Mission RevivalMissionMission Revival Style
The Mission Revival Style architecture became popular from about 1890 to 1915, with many examples standing throughout California and other southwest areas.
Simultaneous with the original style's revival was an awareness in California of the actual missions fading into ruins and their restoration campaigns, and nostalgia in the quickly changing state for a 'simpler time' as the novel Ramona popularized at the time.

Ramona (1928 film)

RamonaRamona'' (1928 film)1928
Ramona is a 1928 American silent drama film directed by Edwin Carewe, based on Helen Hunt Jackson's 1884 novel Ramona, and starring Dolores del Rio and Warner Baxter.

Spanish missions in California

California missionsmissionsSpanish missions
Jackson had become enamored of the Spanish missions in California, which she romanticized.
The popularity of the missions also stemmed largely from Helen Hunt Jackson's 1884 novel Ramona and the subsequent efforts of Charles Fletcher Lummis, William Randolph Hearst, and other members of the "Landmarks Club of Southern California" to restore three of the southern missions in the early 20th century (San Juan Capistrano, San Diego de Alcalá, and San Fernando; the Pala Asistencia was also restored by this effort).

Uncle Tom's Cabin

Uncle Tom’s CabinTopsySimon Legree
She wanted to arouse public opinion and concern for the betterment of their plight, much as Harriet Beecher Stowe's novel Uncle Tom's Cabin had done for slaves.

George Wharton James

Influential writers, such as George Wharton James and Charles Fletcher Lummis, avowed that it was so.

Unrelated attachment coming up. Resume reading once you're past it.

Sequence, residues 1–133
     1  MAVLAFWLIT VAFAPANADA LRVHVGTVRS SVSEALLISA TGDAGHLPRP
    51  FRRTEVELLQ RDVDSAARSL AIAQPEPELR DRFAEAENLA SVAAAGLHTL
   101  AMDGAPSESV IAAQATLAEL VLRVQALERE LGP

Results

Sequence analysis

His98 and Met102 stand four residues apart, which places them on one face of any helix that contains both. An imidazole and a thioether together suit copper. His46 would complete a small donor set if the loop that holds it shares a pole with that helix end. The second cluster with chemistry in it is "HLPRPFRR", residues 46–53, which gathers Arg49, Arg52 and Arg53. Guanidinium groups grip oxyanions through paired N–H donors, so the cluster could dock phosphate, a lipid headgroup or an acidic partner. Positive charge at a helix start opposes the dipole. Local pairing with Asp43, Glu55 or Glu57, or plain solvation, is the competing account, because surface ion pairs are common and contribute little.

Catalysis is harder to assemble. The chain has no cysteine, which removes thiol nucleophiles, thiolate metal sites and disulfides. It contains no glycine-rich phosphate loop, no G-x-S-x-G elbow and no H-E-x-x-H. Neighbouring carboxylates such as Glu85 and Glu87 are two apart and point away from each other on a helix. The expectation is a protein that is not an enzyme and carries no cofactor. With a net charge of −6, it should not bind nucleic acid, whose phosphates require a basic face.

James' books included the well-received The Wonders of the Colorado Desert (1906), Through Ramona's Country (1909), In and Out of the Old Missions of California (1905), and The Lake of the Sky (1915).

Ramona (1936 film)

RamonaRamona'' (1936 film)1936
Ramona is a 1936 American Technicolor drama film directed by Henry King, based on Helen Hunt Jackson's 1884 novel Ramona.

Ramona (2000 TV series)

RamonaRamona'' (2000 telenovela)Ramona'' (2000 TV series)
Based on the 1884 novel Ramona by Helen Hunt Jackson.

Californio

CaliforniosCaliforniaCalifornian
Readers accepted the Californio aristocracy as portrayed and the Ramona myth was born.
A portrayal of Californio culture is depicted in the novel Ramona (1884), written by Helen Hunt Jackson.

Ramona (1946 film)

RamonaRamona'' (1946 film)1946
It is an adaptation of the 1884 American novel Ramona by Helen Hunt Jackson.

Hazel Wood Waterman

Hazel Emma WoodHazel Wood
In 1907, the new owner John D. Spreckels hired architect Hazel Wood Waterman to remodel the house to more closely match descriptions in the novel.
Estudillo House was one of the oldest surviving examples of Spanish architecture in California, and it had gained some national fame a generation earlier by being associated with Helen Hunt Jackson's 1884 bestseller Ramona.

Southern California

southernSoCalCalifornia
Set in Southern California after the Mexican–American War, it portrays the life of a mixed-race Scottish–Native American orphan girl, who suffers racial discrimination and hardship.

Mexican–American War

Mexican-American WarMexican WarMexican American War
Set in Southern California after the Mexican–American War, it portrays the life of a mixed-race Scottish–Native American orphan girl, who suffers racial discrimination and hardship.

Multiracial

mixed-racemixed raceMixed
Set in Southern California after the Mexican–American War, it portrays the life of a mixed-race Scottish–Native American orphan girl, who suffers racial discrimination and hardship.